Michael and Frances HigginsGlass Artists
Following World War II Michael Higgins was named Head of Visual Design at the Chicago Institute of Design. Frances Stewart was an assistant professor of Art at the University of Georgia. While working towards her master’s degree, Frances studied under Michael at the Institute and their mutual fascination with glass fusing techniques quickly led to a personal as well as professional relationship. They were married in 1948 and immediately set up a studio to cooperatively explore the then-unknown field of modern glass fusing. Because they worked so closely together in the studio, all of their work is simply signed “higgins” which is understood to mean “Michael and Frances Higgins”.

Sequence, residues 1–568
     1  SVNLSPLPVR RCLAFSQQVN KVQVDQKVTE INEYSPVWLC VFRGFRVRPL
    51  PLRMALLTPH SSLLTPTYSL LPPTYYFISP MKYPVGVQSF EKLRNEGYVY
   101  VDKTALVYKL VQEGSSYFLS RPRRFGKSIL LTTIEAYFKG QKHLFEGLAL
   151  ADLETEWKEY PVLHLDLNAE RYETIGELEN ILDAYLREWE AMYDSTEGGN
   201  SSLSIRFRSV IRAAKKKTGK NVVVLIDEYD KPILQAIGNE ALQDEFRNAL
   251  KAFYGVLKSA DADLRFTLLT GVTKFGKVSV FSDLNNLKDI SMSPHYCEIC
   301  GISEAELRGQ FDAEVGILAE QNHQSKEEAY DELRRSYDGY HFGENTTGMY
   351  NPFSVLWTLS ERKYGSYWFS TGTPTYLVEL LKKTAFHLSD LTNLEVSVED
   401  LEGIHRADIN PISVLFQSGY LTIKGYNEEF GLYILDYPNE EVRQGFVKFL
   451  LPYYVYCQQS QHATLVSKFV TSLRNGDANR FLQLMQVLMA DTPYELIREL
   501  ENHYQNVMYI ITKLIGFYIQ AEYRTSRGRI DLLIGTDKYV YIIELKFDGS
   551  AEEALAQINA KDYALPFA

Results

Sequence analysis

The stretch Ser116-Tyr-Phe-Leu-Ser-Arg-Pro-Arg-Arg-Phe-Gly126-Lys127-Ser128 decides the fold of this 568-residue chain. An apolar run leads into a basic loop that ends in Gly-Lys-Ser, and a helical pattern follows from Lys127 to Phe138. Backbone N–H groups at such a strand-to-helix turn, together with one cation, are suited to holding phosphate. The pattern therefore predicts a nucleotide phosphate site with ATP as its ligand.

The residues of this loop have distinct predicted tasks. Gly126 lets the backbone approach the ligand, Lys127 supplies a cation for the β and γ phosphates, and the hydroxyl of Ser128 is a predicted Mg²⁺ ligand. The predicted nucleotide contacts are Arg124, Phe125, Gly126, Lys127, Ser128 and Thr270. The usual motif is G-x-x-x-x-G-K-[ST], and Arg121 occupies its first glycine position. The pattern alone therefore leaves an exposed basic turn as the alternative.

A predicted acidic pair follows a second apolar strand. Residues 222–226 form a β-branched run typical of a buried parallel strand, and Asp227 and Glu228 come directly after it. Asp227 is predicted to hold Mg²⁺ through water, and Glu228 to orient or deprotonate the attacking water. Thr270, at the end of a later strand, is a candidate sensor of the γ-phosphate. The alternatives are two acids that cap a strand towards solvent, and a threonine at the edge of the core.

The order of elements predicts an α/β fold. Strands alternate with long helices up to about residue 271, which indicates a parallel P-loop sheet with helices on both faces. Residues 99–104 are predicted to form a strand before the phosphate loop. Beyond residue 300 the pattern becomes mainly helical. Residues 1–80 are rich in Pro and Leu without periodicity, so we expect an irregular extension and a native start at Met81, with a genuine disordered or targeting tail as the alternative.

By 1950 the Higgins’ finished products were appearing in upscale retail stores like Marshall Fields, Bloomingdales and others.
In 1951 their work was featured in the Chicago Art Institute’s “Designer Craftsman Exhibit” and the “Good Design Show” presented at the Chicago Merchandise Mart.
They quickly became recognized as pioneers in the emerging field of studio glass and their association with the Dearborn Glass Company in the mid-1950s led to a small mass production of Higgins Glass, particularly ashtrays.
Today their work is considered highly collectible and is prized by both museums and private collectors alike.
To learn more about Michael and Frances Higgins, visit the Higgins Glass website here